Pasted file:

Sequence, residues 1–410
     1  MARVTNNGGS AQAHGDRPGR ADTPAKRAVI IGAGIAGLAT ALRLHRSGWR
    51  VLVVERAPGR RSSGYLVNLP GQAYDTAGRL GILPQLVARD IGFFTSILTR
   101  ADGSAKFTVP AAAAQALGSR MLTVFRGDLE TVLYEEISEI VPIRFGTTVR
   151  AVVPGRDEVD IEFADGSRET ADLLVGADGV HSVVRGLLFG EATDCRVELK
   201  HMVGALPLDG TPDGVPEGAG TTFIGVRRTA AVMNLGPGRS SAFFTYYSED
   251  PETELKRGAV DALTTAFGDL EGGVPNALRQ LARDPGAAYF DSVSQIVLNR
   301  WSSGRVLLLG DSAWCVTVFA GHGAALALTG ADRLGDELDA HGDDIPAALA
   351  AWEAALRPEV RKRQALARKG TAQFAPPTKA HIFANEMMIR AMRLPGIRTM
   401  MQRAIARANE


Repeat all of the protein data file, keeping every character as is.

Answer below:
Sequence, residues 1–410
     1  MARVTNNGGS AQAHGDRPGR ADTPAKRAVI IGAGIAGLAT ALRLHRSGWR
    51  VLVVERAPGR RSSGYLVNLP GQAYDTAGRL GILPQLVARD IGFFTSILTR
   101  ADGSAKFTVP AAAAQALGSR MLTVFRGDLE TVLYEEISEI VPIRFGTTVR
   151  AVVPGRDEVD IEFADGSRET ADLLVGADGV HSVVRGLLFG EATDCRVELK
   201  HMVGALPLDG TPDGVPEGAG TTFIGVRRTA AVMNLGPGRS SAFFTYYSED
   251  PETELKRGAV DALTTAFGDL EGGVPNALRQ LARDPGAAYF DSVSQIVLNR
   301  WSSGRVLLLG DSAWCVTVFA GHGAALALTG ADRLGDELDA HGDDIPAALA
   351  AWEAALRPEV RKRQALARKG TAQFAPPTKA HIFANEMMIR AMRLPGIRTM
   401  MQRAIARANE